It happened in three parts.

On the floor the Celtics looked every bit the part of a 51-win team that edged out LeBron’s Cavs for the top spot in the East. Brad Stevens’ small-ball approach came full-circle as the Boston guards lived in the paint against the Bulls, kicking out to open shooters for 16 3-pointers that helped the Celtics put away the game (and series) midway through the third quarter.

Avery Bradley starred for a second consecutive night, tallying 23 points while making Jimmy Butler work for his, while eight different Celtics hit a 3-pointer and the team shot 49 percent. For the first time in the series the Celtics looked dominant, like a team poised to contend with the Cavaliers for supremacy in the East.

“It felt good to play Celtic basketball again,” Avery Bradley said. “We were all smiling, having fun, and that’s what it’s supposed to be. That’s how hard we worked this entire year, to play that type of basketball.”

Isaiah Thomas was naturally somber much of the series. The well-documented death of his 22-year-old sister put a damper on the series before it began, and the MVP candidate understandably chose not to address it on the few occassions he spoke with the media. But Thomas looked more like himself as the series went on. Not only did his numbers improve, he appeared more vocal after made baskets, laughed off trash talk from Bulls point guard Isaiah Canaan, and engineered the Celtics' offense to near-perfection.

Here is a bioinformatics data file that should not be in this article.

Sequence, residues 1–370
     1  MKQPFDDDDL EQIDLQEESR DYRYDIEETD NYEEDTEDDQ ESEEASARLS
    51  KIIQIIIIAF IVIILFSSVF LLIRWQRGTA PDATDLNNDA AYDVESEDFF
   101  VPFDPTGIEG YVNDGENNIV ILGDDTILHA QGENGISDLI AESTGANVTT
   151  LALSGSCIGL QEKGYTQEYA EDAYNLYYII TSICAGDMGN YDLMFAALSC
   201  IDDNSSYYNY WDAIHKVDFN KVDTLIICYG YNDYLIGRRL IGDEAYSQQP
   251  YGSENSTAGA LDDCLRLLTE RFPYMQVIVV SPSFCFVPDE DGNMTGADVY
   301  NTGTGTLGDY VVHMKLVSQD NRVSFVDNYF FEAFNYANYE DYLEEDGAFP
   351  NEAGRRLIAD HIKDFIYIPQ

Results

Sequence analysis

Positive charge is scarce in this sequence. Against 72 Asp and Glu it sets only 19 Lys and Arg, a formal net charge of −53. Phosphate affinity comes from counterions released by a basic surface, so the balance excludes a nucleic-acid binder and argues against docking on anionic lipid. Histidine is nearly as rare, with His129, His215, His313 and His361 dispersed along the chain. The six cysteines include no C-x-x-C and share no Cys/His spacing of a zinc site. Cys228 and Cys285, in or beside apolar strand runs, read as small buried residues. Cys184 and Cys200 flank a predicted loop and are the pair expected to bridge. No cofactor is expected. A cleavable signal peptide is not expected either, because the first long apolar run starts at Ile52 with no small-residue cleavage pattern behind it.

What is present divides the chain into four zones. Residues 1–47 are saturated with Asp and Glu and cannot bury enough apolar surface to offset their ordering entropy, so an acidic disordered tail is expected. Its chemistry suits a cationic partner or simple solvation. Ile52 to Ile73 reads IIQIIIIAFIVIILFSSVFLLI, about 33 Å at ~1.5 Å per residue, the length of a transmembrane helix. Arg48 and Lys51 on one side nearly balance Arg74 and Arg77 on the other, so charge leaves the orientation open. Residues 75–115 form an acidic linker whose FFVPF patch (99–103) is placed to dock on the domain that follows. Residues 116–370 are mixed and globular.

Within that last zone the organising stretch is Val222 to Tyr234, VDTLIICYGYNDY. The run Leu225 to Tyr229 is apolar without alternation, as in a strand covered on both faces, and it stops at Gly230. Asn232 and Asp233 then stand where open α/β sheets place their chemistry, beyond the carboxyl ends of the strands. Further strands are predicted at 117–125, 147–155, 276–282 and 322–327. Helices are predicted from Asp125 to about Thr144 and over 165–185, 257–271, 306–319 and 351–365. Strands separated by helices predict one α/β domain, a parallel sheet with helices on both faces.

His defining moment came late in the third quarter with the Celtics nearing a 30-point lead. After a hard foul he gathered his four teammates in a huddle near the baseline and shouted that the series for the Bulls was "a wrap for these m------------!" This was the same player who two weeks earlier was brought to tears prior to Game 1, and who will bury his sister on Saturday in Tacoma, Washington. Under unthinkable circumstances, Thomas averaged 23.0 points and 5.7 assists in 34.8 minutes in the series.

“I feel like he has grown,” Al Horford said. "And we all have in a way with all the adversity that has gone on. It could have easily gone the other way, but I feel like especially tonight when we got the game in hand, in control, we all just kept on repeating to stay focused to keep it going, keep pushing. We didn’t want to give them any life and we were a focused group and we were enjoying the moment.”